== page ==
Picks and Pans Review: The Crossing
updated 06/13/1994 AT 01:00 AM EDT
•originally published 06/13/1994 AT 01:00 AM EDT
Author of 1992's best-selling All the Pretty Horses, McCarthy is back with his vision of a stark and perilous world intact, his prose still spare and brilliantly exact. Again his protagonist is a teenage boy, Billy Parham, whose moorings to home and family have been severed. Like John Grady in Horses, Billy ventures on horseback from his New Mexico border town into pre-World War II Mexico, where he discovers a world that is by turns mystical, comforting and unspeakably cruel.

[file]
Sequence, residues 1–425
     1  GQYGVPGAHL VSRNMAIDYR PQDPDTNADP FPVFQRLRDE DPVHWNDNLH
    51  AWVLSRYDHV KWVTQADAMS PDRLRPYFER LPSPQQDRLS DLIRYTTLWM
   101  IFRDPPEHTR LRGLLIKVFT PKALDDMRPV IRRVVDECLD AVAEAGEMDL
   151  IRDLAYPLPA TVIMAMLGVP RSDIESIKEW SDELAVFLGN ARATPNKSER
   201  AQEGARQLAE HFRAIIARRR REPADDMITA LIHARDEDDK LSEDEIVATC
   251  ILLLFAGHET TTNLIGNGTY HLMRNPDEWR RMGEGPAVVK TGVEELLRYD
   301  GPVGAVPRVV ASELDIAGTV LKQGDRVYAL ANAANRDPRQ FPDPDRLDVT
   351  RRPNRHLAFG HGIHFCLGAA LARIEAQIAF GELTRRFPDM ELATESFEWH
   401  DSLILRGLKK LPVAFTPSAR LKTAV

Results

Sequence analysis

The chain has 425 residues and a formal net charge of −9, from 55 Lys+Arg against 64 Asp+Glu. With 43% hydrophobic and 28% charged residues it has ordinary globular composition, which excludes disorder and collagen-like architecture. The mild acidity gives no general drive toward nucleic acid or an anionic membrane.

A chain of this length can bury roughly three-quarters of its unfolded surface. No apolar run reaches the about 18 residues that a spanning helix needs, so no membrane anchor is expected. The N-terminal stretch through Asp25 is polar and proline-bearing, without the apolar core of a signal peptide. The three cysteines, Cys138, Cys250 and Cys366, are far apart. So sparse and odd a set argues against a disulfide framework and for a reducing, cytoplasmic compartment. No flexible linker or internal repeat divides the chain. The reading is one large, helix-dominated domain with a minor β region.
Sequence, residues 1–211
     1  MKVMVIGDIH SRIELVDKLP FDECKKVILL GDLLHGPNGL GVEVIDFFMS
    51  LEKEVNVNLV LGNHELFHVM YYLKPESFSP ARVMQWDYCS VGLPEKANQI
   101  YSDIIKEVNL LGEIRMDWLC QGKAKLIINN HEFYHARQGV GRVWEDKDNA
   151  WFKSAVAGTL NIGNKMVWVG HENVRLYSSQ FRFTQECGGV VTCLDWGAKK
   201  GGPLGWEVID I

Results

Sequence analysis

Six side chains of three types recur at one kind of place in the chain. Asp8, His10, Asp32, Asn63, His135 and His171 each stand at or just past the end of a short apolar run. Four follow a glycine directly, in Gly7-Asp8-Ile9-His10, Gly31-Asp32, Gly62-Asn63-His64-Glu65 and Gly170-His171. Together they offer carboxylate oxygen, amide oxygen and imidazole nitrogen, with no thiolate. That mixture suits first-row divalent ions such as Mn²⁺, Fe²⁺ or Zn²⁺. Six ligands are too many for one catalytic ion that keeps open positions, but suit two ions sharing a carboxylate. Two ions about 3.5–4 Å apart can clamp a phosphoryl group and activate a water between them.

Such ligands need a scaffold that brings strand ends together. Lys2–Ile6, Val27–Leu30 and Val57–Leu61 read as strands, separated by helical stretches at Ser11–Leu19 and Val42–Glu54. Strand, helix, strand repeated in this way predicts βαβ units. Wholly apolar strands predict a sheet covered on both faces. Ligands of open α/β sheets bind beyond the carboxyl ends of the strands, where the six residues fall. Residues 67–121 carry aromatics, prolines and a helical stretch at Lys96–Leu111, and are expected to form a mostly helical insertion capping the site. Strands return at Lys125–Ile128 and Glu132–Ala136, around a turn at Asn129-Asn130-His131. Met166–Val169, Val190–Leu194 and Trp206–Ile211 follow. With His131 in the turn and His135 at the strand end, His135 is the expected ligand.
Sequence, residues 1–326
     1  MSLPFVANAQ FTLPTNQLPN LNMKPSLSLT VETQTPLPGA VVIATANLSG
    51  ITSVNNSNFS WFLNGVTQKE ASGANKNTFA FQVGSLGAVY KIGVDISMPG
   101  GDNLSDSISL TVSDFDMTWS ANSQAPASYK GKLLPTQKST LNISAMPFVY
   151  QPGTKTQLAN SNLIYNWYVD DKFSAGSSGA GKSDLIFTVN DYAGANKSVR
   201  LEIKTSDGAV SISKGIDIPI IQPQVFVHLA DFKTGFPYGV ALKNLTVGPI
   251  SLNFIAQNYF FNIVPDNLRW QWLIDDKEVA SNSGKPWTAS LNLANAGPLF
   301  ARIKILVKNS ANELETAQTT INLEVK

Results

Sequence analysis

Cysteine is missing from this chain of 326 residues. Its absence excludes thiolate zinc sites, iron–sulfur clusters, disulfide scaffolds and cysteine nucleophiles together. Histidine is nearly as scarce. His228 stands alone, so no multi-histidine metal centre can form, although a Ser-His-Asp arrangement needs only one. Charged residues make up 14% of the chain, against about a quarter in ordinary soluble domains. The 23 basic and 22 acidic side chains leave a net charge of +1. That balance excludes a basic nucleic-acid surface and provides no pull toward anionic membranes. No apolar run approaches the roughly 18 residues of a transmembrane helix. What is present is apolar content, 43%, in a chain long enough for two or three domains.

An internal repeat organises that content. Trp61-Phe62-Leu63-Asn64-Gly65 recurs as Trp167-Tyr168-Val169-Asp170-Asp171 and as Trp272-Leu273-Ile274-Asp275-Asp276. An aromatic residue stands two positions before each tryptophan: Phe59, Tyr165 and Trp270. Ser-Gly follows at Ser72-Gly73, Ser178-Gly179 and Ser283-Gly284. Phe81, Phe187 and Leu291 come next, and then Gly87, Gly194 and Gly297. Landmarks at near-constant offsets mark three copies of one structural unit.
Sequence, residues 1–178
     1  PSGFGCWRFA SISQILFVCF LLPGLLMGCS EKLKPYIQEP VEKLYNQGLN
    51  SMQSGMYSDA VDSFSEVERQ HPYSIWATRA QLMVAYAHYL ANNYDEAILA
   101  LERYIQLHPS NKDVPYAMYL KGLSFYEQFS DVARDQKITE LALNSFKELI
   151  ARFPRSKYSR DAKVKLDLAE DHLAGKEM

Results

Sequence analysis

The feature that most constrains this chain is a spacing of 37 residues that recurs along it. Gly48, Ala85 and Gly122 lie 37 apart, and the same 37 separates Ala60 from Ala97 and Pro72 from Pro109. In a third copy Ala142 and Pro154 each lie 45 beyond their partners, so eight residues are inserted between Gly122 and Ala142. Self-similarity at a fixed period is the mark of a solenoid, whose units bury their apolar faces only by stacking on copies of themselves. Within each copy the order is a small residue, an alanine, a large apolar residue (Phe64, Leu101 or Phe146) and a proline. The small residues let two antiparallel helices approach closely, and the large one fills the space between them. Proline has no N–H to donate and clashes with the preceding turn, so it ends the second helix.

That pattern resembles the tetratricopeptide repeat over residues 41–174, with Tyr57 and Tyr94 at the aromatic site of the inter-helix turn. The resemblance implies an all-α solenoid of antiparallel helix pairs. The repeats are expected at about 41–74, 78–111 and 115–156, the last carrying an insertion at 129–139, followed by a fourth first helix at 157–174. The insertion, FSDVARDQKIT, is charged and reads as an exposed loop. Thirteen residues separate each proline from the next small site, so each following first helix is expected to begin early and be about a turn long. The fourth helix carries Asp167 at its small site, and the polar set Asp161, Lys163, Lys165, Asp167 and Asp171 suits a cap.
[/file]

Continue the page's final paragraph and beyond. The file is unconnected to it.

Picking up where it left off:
McCarthy's books are filled with intense observations: the "wind shadow" of a paw print, the translucent blue of a wolfs eye, the nostrils of a terrified burro, "like two holes in wet mud." What distinguishes The Crossing are the fables within the narrative. In stories told by ancient priests, gypsies and a blind man, McCarthy takes Aquinian forays into the nature of God and reality. In one story he delivers a theory of history, in another a philosophy of good and evil.
It's hard going, but the effort is rewarded, page by page, with language that is honest to the bone and a story that echoes of mythology. (Knopf, $23)